Weathering the Storm: Purchasing a Company’s Own Debt - The Tax Consequences May Surprise You

02/25/2009

Recently, we have been approached by a number of companies that have expressed an interest in purchasing their own outstanding debt that, in many cases, is trading at a significant discount. While a debt acquisition (redemption) transaction may save cash for a company, unless one of the statutory exceptions is applicable, this type of transaction generally will result in the company immediately recognizing ordinary income. The purpose of this Alert is to provide a summary of the material federal income tax consequences associated with a company’s purchase of its own debt.

General Rule
As a general rule, if a company purchases its own debt for an amount that is less than the outstanding principal amount due, the company will recognize cancellation of debt income (“COD income”) in an amount equal to the difference between the debt’s principal balance and its purchase price. Also, if an affiliate of the company (i.e., a person who is treated as being related to the company for tax purposes) purchases the debt, the company will still be treated as if it purchased the debt. COD income resulting from this type of transaction is taxable at ordinary income rates.

By way of illustration, assume ABC Co. issued 1 million bonds several years ago to raise additional cash, each bond having an initial issue price of $10. However, with an ailing economy, the value of each bond has declined to $8. Seeing an opportunity to save $2 million, ABC Co. agrees to redeem all of these bonds for $8 million in 2009. As a result of this repurchase, ABC Co. will be required to recognize COD income of $2 million (absent the application of certain limited exceptions that are discussed below) in 2009 just as if a lender had forgiven $2 million of debt. Although ABC Co. saved $2 million when it repurchased the bonds at a discount, the actual savings only amounts to $1.3 million after taking into account income taxes that must be paid.

Assume instead that XYZ Co., a company that is wholly-owned by the same individual that owns ABC Co., acquires all of ABC Co.’s outstanding bonds for $8 million. Under this example, ABC Co. still must recognize $2 million of COD income.

Exceptions for Companies that are Insolvent or Bankrupt
There are several exceptions to the general rule that requires the recognition of COD income relating to a debt repurchase. Two notable exceptions are the insolvency exception and bankruptcy exception. Pursuant to the insolvency exception, a company may exclude COD income to the extent that the company is insolvent immediately before the debt repurchase (i.e., the amount by which the value of the company’s liabilities exceed the fair market value of its assets). In addition, pursuant to the bankruptcy exception, a taxpayer may exclude COD income realized by it if the COD income is realized in a Title 11 bankruptcy case. Therefore, in the example above, if ABC Co. redeemed its bonds while in bankruptcy proceedings or while it was insolvent, ABC Co. would be able to exclude the COD income from its gross income (in the case of insolvency, only to the extent of the insolvency).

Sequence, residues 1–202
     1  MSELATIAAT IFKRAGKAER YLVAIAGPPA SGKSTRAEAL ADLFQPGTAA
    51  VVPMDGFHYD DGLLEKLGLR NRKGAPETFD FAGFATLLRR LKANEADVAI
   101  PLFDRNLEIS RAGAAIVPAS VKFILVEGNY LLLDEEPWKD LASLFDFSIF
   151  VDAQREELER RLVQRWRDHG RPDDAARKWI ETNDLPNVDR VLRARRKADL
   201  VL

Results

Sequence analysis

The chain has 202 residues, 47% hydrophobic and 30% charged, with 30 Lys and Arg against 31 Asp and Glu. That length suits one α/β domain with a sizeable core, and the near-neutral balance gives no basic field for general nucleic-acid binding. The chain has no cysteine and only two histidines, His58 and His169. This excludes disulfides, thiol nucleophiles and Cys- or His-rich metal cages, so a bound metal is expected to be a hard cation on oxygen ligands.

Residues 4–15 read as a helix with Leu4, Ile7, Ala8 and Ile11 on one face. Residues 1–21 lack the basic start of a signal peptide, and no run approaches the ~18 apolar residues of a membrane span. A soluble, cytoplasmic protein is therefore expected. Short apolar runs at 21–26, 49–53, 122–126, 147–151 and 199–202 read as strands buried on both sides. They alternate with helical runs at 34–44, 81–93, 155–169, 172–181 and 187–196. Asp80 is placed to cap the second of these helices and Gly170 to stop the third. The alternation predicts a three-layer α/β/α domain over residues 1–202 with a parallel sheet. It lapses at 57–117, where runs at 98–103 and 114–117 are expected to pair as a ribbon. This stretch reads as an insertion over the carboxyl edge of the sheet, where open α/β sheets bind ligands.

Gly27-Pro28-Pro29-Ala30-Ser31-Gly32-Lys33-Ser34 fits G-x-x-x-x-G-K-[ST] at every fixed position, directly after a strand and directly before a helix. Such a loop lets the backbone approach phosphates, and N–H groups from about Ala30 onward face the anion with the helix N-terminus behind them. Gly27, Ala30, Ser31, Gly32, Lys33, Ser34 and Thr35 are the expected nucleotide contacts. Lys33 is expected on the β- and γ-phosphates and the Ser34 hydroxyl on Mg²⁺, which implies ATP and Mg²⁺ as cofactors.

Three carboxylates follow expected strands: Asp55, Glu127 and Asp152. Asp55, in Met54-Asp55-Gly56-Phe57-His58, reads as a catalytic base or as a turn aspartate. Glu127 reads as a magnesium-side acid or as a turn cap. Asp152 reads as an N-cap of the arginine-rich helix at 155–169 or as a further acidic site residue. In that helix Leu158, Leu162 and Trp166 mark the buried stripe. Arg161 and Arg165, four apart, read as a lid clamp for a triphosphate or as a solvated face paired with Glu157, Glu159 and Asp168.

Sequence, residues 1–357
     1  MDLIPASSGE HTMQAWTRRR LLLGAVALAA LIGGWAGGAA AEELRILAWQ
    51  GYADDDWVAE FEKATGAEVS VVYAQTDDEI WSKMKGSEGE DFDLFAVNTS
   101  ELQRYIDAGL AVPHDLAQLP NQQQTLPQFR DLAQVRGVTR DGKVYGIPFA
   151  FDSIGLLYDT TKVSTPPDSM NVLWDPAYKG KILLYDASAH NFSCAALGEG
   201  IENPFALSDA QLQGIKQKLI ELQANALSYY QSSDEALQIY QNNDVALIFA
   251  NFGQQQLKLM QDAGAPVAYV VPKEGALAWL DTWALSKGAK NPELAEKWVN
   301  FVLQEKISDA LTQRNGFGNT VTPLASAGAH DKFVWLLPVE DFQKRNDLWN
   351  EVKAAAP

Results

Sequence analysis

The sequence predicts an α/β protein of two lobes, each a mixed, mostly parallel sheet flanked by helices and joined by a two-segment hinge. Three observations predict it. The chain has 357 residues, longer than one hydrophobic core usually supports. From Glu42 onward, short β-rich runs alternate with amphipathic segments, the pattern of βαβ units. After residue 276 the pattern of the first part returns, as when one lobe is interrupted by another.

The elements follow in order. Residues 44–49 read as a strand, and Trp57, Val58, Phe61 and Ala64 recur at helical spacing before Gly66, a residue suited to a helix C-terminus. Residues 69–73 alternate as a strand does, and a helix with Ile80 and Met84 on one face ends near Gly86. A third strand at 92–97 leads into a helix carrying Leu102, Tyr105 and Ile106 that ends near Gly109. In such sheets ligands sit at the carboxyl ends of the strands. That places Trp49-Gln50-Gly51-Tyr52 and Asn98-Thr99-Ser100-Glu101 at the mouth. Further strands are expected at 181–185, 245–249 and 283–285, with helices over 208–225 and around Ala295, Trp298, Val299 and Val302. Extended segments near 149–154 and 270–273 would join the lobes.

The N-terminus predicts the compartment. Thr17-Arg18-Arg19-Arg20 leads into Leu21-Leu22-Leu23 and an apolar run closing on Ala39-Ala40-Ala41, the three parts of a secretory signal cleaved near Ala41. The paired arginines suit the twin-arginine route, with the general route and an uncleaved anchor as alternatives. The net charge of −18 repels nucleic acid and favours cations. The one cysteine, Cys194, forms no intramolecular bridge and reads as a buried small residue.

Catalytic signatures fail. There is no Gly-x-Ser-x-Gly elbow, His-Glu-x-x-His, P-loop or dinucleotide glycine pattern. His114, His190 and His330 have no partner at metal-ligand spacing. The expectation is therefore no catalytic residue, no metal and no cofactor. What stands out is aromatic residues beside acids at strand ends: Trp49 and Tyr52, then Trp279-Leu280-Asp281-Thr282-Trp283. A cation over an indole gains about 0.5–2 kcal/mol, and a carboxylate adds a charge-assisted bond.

To the extent COD income is excluded from the company’s income under one of the exceptions noted above, certain of the company’s tax attributes (e.g., net operating losses, tax basis in the company’s assets, certain tax credits, etc.) must be reduced in the manner required by the applicable tax law.

Benefits of the Stimulus Package
Last week, the American Recovery and Reinvestment Act of 2009 (the “Stimulus Bill”) became law. The Stimulus Bill provides a further benefit to companies that purchase or restructure their debt obligations. The Stimulus Bill allows taxpayers that reacquire trade or business debt in 2009 or 2010 to elect to completely defer the recognition of any resulting COD income for the first four or five years (depending on whether the debt is purchased in 2010 or 2009) following the taxable year in which the discharge occurs and then recognize the COD income ratably over the succeeding five taxable years. This election will not result in any reduction of a company’s tax attributes. However, a company that elects to defer COD income pursuant to this provision may not rely on the insolvency or bankruptcy exceptions noted above to avoid recognizing such COD income recognized in subsequent years.

In the examples above, ABC Co. is required to recognize $2 million of COD income in 2009. However, as a result of the Stimulus Bill, instead of immediately recognizing $2 million of COD income in 2009, ABC Co. may elect to defer that COD income until 2014 and recognize $400,000 of COD income in each year from 2014 through 2018.

Planning Opportunities and Other Issues
Although a company generally is required to recognize COD income when it purchases its own debt at a discount, there are some tax planning opportunities available in this area. In limited circumstances, a company may be able to use an “affiliate” to reacquire the company’s debt without triggering the recognition of COD income.

For more information on the Restructuring, Workouts and Recapitalizations group and its members, go to Restructuring, Workouts, and Recapitalizations.

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